Now we can get started on the SpotifyContext and SpotifyReducer. There are tons of tutorials and documents out there on how to use the React useContext hook so I wont go into too much detail here, but your 'SpotifyContext.js' is where you will import and use your environment variables from .env. The variables will then be used to make the calls to the API later on. The context is also where the global state of the application will be stored so that components can access it. The SpotifyReducer will take the data that is received in the response from the API and use that to update the state of the application contained in the context. At first, we will just be getting the API token and updating our application state with that token.

Once the SpotifyContext and SpotifyReducer have been created, the App.js file needs to be updated. The application must be wrapped in the SpotifyProvider component because this is what provides the context to the components in order to be used. You don't necessarily have to do this in the App.js, but wrapping the entire application like this will allow every component in the component tree to access the context. Also, for the purposes of this application I have included the use of React Router. React Router is not mandatory, but this almost always how I set up my apps at the beginning so that I don't have to come back and do it later. The 'App.js' file should look like this.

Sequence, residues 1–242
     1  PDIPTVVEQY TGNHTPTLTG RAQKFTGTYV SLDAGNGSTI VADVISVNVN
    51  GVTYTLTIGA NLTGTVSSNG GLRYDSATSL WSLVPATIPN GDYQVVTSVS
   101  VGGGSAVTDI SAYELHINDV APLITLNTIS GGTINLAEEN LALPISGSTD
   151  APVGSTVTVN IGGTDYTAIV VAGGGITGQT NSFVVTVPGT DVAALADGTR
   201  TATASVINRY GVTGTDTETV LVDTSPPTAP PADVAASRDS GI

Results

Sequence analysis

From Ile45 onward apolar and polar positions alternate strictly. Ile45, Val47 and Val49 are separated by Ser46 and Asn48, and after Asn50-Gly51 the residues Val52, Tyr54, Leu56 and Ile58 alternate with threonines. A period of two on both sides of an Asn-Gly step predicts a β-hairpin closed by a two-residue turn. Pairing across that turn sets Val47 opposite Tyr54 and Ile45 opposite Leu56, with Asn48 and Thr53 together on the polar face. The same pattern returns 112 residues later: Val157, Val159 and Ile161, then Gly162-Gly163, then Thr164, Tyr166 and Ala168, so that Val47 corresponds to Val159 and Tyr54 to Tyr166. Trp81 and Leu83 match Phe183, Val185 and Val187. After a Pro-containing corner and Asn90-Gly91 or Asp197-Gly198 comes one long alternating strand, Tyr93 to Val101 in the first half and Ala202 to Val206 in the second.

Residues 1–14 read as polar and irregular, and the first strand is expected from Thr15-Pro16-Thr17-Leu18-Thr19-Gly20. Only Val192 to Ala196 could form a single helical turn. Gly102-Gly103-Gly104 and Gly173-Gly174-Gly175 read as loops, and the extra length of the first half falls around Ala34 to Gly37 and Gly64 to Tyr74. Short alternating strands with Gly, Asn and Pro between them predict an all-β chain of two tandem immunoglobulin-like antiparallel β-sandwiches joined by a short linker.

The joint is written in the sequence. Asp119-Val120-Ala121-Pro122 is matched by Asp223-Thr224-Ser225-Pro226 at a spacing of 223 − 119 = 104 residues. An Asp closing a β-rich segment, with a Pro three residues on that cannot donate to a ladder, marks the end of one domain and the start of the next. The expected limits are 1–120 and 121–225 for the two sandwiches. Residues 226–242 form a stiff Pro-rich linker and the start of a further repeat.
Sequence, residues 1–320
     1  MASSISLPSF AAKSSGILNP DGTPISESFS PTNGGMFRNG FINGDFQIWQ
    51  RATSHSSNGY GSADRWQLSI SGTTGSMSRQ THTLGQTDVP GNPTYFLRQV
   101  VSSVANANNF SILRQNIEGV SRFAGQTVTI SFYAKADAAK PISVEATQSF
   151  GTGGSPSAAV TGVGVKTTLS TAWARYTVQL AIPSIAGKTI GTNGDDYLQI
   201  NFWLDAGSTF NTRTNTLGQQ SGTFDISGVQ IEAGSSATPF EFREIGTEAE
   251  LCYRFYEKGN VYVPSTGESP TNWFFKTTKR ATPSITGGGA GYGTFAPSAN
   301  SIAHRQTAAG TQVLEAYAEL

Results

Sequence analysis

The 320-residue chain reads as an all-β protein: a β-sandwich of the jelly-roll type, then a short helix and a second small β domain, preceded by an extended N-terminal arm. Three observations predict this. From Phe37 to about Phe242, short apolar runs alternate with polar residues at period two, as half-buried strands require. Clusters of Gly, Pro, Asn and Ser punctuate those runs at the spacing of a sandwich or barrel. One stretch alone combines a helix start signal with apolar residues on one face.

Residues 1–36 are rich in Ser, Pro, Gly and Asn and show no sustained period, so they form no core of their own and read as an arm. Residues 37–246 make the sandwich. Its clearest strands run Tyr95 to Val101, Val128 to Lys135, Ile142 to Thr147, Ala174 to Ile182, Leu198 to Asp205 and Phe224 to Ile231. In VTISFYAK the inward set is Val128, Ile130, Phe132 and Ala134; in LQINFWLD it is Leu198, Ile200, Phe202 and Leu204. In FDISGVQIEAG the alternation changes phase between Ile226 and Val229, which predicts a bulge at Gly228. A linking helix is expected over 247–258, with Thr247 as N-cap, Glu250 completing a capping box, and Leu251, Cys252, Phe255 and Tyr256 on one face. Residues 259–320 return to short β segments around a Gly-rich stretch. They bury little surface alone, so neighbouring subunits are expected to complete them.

import {BrowserRouter as Router, Route, Routes} from 'react-router-dom';
import {SpotifyProvider} from './context/SpotifyContext';

import './App.css'
import Home from './pages/Home';

function App() {
  return (
            <Route path="/" element={<Home />} />

export default App;

Now we need to update the 'Home.js' file. First, we need to include the context here so that the Home page component can access it via the useContext hook. Then we need to use the useEffect hook in order to call the getToken function in SpotifyContext as soon as the page begins to render. While we are here, we can also go ahead and setup a rough UI to render some data that we receive from the API. For this particular case, I will be calling the API for a list of Spotify Genres, and displaying these in cards in the best way in my opinion so that's how we will do it here. We will display each genre on a card inside a component named 'GenreResults', and that component will be rendered on the 'Home' page component. The data we get from the API will be in an array, and that array will replace the empty array in the 'genres' state variable. So, in order to render all the genres in the list, we will need to loop through them with the .map method. I also added a button that will be used to trigger the 'getGenres' function that we will make in the 'SpotifyContext' file later onThe 'Home.js' file should look similar to this.